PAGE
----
• Lethargy, drowsiness or irritability; persistent crying or disorientation
  • Seizures
  • Difficulty in breathing
  • Ashen, pale or blue appearance
  • Acute headache, giddiness, or stiff neck

Read more about HFMD in children, and measures to prevent and manage it on KKH HealthPedia at http://www.kkh.com.sg/HealthPedia/Pages/ChildhoodIllnessesHFMD.aspx.


(*KKH’s Children’s Emergency is open 24 hours)



Home Injuries/Accidents

My child has swallowed some medicated balm/oil. Must I bring my child to Children’s Emergency?

Consult a doctor if your child has vomiting, abdominal pain or has ingested a lot of the medicated balm/oil.


Read more about Injuries and Accidental Poisoning in children, and first aid measures on KKH HealthPedia at http://www.kkh.com.sg/HealthPedia/Pages/ChildhoodIllnessesInjuries.aspx.


My infant fell from the bed. Must I bring him/her to Children’s Emergency?


My child fell backwards and hit his/her head on the floor. A slight scratch can be seen at the back of his/her head. Should I bring my child to Children’s Emergency?


My child hit his face against a hard surface while running. Do I need to have him/her checked by a doctor?


Most head injuries do not cause complications but sometimes children may sustain skull fractures and internal brain injuries which can potentially be serious.


Consult a doctor if your child sustains a head injury.

Bring your child to a children’s emergency clinic* if any of the following symptoms are observed within 72 hours from the injury/accident:

  • Persistent vomiting
  • Unusual drowsiness
  • Bleeding from ear or nose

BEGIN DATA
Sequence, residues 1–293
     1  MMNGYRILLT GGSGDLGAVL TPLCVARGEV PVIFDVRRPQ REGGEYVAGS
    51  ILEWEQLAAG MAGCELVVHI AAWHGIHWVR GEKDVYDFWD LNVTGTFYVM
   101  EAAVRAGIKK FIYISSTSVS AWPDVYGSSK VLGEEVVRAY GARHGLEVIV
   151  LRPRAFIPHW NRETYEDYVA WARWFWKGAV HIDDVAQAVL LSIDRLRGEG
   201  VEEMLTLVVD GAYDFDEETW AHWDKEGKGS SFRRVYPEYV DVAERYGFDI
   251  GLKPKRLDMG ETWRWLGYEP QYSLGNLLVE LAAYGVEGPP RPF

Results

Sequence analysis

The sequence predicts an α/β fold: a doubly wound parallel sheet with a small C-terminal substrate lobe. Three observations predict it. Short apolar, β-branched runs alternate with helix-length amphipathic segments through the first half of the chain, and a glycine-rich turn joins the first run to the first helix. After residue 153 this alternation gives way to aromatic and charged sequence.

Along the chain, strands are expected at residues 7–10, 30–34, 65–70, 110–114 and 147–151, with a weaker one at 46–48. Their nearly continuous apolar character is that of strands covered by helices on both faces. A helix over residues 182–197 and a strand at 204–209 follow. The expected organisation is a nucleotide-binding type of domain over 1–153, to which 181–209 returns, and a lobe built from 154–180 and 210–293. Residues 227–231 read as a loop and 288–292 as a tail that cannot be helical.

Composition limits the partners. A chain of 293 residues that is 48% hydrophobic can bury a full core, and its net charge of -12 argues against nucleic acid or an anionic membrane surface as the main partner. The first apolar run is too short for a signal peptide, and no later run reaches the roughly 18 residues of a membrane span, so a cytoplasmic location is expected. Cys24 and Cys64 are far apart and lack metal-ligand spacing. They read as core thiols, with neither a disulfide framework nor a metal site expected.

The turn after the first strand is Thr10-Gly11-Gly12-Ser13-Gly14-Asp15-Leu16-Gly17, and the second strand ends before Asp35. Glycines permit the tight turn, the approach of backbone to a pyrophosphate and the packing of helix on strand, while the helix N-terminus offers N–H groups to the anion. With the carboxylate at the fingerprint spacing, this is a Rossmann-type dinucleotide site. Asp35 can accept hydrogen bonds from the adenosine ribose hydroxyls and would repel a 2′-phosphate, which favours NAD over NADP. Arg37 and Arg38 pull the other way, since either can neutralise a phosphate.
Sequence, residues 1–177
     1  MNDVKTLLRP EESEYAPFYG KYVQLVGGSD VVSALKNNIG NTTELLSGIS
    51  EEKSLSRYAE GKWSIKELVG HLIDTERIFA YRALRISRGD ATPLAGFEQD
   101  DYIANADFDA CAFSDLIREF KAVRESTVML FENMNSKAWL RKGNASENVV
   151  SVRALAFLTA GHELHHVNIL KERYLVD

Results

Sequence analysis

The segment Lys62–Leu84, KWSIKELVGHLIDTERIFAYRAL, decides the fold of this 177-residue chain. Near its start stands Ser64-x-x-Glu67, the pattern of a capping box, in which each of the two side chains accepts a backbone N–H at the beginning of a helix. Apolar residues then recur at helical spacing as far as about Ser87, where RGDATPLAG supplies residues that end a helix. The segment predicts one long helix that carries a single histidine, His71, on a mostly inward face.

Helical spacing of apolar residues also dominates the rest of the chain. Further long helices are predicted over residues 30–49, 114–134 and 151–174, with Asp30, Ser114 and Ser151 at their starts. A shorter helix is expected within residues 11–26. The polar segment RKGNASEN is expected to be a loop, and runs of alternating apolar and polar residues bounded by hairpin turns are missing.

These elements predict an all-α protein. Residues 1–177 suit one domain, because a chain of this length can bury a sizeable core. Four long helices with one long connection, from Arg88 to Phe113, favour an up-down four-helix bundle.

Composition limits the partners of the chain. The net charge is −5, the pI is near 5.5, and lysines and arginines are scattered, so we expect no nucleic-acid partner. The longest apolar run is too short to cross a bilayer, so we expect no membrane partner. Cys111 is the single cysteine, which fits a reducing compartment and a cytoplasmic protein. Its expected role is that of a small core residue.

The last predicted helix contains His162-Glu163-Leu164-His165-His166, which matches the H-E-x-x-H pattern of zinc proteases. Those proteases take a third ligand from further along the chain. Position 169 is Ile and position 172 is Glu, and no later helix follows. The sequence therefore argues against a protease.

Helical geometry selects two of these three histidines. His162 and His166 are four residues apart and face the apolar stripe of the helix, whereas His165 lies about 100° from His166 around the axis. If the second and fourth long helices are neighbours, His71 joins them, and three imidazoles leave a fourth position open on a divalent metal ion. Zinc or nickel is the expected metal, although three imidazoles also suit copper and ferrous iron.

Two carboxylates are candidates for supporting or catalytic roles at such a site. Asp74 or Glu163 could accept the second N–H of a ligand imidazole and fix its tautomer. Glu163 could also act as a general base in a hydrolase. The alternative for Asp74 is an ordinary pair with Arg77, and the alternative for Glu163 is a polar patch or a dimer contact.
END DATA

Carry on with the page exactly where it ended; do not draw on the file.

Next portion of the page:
• Any signs of injury on other parts of the body
  • Inability or difficulty waking from sleep

Read more about Injuries in children and first aid measures on KKH HealthPedia at http://www.kkh.com.sg/HealthPedia/Pages/ChildhoodIllnessesInjuries.aspx.


(*KKH’s Children’s Emergency is open 24 hours)

Jaundice

My baby is a few days old and appears yellow. Is this jaundice? Where should I bring him/her for a medical assessment?


Jaundice is the yellow tone of the skin that occurs in many newborn babies. It occurs when a chemical called bilirubin builds up in the baby's blood. It can occur in babies of any race.


Bring your baby to a polyclinic for a serum bilirubin blood test. If the bilirubin level is high, your baby may need to be admitted in a hospital for phototherapy, or may continue to be monitored by the polyclinic doctor.


Read more about jaundice in babies on KKH HealthPedia at http://www.kkh.com.sg/HealthPedia/Pages/ChildhoodIllnessesJaundice.aspx.

Medication

One of my children visited the Children’s Emergency at KKH yesterday and was prescribed some medication. Now my other child has the same symptoms. Can I give him/her the same medicine as well?